The next couple of days were spent back in our slip in Annapolis cleaning the boat and prepping to leave Annapolis for the final time. We have dear friends in Annapolis, Tom and Cathy, who used to be in the slip next to us when we first got Eleanor Q. They, too, are preparing to start cruising this fall and we spent lots of time together plotting and dreaming and sharing “stuff” and information and meals. They made the gracious offer of the use of their washer and dryer at their house during our last week, and I was happy to take them up on it! Hand washing light weight things has been no problem, but there is a point when your sheets, towels and blue jeans begin an eco-system of their own and need some love. A common question after a couple of weeks is, “Am I losing weight or do I just need to wash these jeans?” It’s generally the latter.
Since Annapolis is one of our favorite places, we figured we should enjoy our last couple of days there. Saturday included a brisk walk into town for people watching (commencement week at the Naval Academy brings out lots of families and lots of young people in uniform – always an impressive sight) lunch and a stop at Frank’s second favorite ice cream place. (Well, third. Dairy Queen is always first, Oxford second, Annapolis third).
Sunday was a very cool “final day” for us. We had been wanting to attend services at the Naval Academy Chapel for three years. Okay, let me clarify, because I know what some of you are thinking who know us both. You’re thinking, “Who’s WE? Mary Marie wanted to attend services and Frank agreed in order to be a good sport.” I’ll have you know, that is not the case. Frank was the one who suggested it from the beginning and I always have an interest in visiting a new church so was very happy to go. So if you were one of the ones who thought it was purely me driving this outing, take it back! But to be clearer yet, when I was looking up the service schedule, I asked, “Do you want to go to the Catholic service or the Protestant Service?” and he replied with, “Oh, I don’t care. I just want to see the building.” And that’s the rest of the story. It was a great service, lots of families with their new graduates, a GREAT speaker and wonderful music. (We can’t help it . . . we critiqued the pastor’s public speaking skills. You just can’t get away from some things.) A beautiful setting, indeed.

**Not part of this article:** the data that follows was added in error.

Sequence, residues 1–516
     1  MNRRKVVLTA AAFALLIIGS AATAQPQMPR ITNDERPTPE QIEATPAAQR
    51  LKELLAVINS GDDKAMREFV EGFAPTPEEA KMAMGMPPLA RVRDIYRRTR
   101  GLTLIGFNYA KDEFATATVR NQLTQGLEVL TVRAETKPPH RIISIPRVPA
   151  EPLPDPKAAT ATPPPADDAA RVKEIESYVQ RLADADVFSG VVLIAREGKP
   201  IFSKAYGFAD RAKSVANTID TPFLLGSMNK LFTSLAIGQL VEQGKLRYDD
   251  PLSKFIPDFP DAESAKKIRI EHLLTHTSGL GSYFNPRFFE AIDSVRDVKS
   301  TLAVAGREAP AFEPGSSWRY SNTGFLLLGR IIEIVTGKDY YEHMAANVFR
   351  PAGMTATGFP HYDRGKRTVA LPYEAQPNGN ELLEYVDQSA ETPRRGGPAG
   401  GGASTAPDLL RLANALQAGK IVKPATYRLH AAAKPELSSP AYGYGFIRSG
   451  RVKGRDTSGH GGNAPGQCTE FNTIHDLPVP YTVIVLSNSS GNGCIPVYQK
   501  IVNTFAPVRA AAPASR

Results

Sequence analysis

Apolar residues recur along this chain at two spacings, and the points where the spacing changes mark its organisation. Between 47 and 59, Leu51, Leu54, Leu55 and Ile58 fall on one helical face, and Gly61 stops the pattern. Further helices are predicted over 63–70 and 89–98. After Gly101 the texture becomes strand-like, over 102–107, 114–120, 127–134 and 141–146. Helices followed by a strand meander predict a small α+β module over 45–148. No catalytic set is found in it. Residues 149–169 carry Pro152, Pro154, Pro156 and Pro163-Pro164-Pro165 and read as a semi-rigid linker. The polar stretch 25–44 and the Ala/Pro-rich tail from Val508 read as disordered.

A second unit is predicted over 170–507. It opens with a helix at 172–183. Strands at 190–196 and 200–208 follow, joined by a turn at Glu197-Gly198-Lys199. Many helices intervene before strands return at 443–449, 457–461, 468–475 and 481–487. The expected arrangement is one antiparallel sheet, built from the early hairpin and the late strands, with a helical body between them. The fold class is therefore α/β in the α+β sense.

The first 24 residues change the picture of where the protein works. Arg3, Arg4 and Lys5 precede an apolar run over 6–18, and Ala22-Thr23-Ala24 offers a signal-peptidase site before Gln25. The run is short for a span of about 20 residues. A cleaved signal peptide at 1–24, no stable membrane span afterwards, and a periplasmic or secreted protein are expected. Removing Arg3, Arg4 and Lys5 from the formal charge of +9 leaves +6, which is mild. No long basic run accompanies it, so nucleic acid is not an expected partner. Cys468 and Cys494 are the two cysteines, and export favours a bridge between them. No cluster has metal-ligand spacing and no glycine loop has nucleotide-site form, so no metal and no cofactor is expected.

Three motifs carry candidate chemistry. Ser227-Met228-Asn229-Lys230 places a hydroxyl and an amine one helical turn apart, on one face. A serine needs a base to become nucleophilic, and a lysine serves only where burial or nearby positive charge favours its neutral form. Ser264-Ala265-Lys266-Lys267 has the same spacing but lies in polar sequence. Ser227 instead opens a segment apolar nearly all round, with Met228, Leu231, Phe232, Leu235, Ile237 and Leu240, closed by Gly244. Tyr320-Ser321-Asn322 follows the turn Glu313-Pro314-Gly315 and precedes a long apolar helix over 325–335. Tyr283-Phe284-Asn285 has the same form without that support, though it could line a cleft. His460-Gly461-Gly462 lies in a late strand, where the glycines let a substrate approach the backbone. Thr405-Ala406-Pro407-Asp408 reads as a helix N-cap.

Later on that evening, our friends Bill and Julie from Havre de Grace came to take a little sail and then have dinner on the boat. Then a surprise call from our friends, Greg and Cori, who were passing through the area and came and joined us as well! It was nice to share that last evening in our slip with good friends, food and laughter.
By 10:00pm we tried to go to sleep, but I think we were like two little kids on Christmas Eve night. There was a commercial on television not long ago for Disney- maybe you’ve seen it: The family with two children are preparing to leave for their trip to Disney the next day and the kids won’t settle down and go to sleep. The parents keep saying, “But you’ve got to go to sleep!” And they would respond with a slightly whiny, “But we’re too excited to sleep!” Finally after things were quiet, the parents were laying in bed. The wife said, “Are you asleep?” and the dad quietly whined, “I’m too excited to sleep!” We can relate.